red colors indicative of warmer temperatures. USGS image
    Hazard Analysis: The eruption at Kīlauea’s summit is occurring within a closed area of Hawai'i Volcanoes National Park. High levels of volcanic gas—primarily water vapor (H2O), carbon dioxide (CO2), and sulfur dioxide (SO2)—are the primary hazard of concern, as this hazard can have far-reaching effects down-wind. As SO2 is continuously released from the summit during the eruption, it will react in the atmosphere to create the visible haze known as vog (volcanic smog) downwind of Kīlauea. Vog information can be found at https://vog.ivhhn.org/. 
    Additional hazards include Pele's hair and other lightweight volcanic glass fragments from the lava fountains that will fall downwind of the fissure vents and dust the ground within a few hundred meters (yards) of the vent (s). Strong winds may waft lighter particles to greater distances. Residents and visitors should minimize exposure to these volcanic particles, which can cause skin and eye irritation.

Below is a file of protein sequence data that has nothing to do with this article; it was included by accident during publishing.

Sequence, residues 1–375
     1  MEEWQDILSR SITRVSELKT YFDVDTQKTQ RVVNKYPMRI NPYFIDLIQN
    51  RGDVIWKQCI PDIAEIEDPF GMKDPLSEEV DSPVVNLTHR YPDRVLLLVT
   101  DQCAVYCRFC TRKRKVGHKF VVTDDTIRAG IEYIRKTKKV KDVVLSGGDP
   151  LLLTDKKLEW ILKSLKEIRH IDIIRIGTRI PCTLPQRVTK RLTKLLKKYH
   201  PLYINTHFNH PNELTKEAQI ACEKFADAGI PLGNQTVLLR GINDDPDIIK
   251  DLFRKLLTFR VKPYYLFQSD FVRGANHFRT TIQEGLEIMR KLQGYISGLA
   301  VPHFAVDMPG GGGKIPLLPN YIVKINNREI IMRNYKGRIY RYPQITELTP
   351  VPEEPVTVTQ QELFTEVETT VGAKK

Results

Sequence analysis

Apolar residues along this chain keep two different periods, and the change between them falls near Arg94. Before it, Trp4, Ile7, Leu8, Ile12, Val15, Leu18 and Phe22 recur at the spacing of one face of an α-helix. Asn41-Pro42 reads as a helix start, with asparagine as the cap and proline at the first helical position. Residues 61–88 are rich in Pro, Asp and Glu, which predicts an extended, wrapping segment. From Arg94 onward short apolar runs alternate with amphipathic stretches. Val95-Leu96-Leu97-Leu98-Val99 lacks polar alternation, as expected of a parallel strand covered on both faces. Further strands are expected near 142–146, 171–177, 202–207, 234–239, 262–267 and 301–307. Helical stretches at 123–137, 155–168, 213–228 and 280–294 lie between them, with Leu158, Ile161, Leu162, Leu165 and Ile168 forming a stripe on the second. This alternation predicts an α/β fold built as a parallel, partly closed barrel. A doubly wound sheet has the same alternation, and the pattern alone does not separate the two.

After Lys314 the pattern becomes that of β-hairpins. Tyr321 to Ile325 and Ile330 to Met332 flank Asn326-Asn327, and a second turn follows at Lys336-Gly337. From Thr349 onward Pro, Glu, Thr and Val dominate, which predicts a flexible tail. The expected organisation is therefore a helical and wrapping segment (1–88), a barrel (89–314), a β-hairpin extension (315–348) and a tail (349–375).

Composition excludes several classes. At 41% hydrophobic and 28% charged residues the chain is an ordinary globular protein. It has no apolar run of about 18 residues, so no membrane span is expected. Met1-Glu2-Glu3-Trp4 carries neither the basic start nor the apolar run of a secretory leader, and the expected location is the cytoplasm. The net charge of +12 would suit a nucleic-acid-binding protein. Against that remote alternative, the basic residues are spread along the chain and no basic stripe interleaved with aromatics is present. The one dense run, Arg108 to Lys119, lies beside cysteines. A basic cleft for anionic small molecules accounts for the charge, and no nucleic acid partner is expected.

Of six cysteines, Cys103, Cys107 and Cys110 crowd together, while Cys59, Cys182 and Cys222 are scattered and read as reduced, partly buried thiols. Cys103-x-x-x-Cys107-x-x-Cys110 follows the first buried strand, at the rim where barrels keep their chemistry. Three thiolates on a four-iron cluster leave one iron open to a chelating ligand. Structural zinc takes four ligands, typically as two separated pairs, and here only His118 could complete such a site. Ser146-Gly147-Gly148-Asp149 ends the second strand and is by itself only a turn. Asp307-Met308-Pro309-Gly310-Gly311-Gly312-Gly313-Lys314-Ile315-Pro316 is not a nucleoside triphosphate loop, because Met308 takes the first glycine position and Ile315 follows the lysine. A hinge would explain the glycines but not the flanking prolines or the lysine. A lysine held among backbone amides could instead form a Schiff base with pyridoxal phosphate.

Other significant hazards also remain around Kīlauea caldera from Halemaʻumaʻu crater wall instability, ground cracking, and rockfalls that can be enhanced by earthquakes within the area closed to the public. This underscores the extremely hazardous nature of Kīlauea caldera rim surrounding Halemaʻumaʻu crater, an area that has been closed to the public since late 2007. 
    Mauna Loa is not erupting. Its USGS Volcano Alert Level is at NORMAL. Webcams show no signs of activity on Mauna Loa. Seismicity remains low. Summit ground deformation rates show inflation above background levels, but this is not uncommon following eruptions. SO2 emission rates are at background levels.
    There were four earthquakes with 3 or more felt reports in the Hawaiian Islands during the week ending on Thursday: a M3.3 earthquake 5 km (3 mi) WSW of Volcano at 0 km (0 mi) depth on June 7 at 4:43 a.m. HST, a M3.4 earthquake 4 km (2 mi) SW of Volcano at 1 km (0 mi) depth on June 7 at 2:35 a.m. HST, a M2.6 earthquake 2 km (1 mi) SSE of Volcano at 1 km (0 mi) depth on June 3 at 12:36 p.m. HST, and a M3.0 earthquake 13 km (8 mi) S of Volcano at 6 km (4 mi) depth on June 2 at 10:15 a.m. HST.
    HVO continues to closely monitor Kīlauea and Mauna Loa. Visit HVO’s website for past Volcano Watch articles, Kīlauea and Mauna Loa updates, volcano photos, maps, recent earthquake information, and more. Email questions to askHVO@usgs.gov.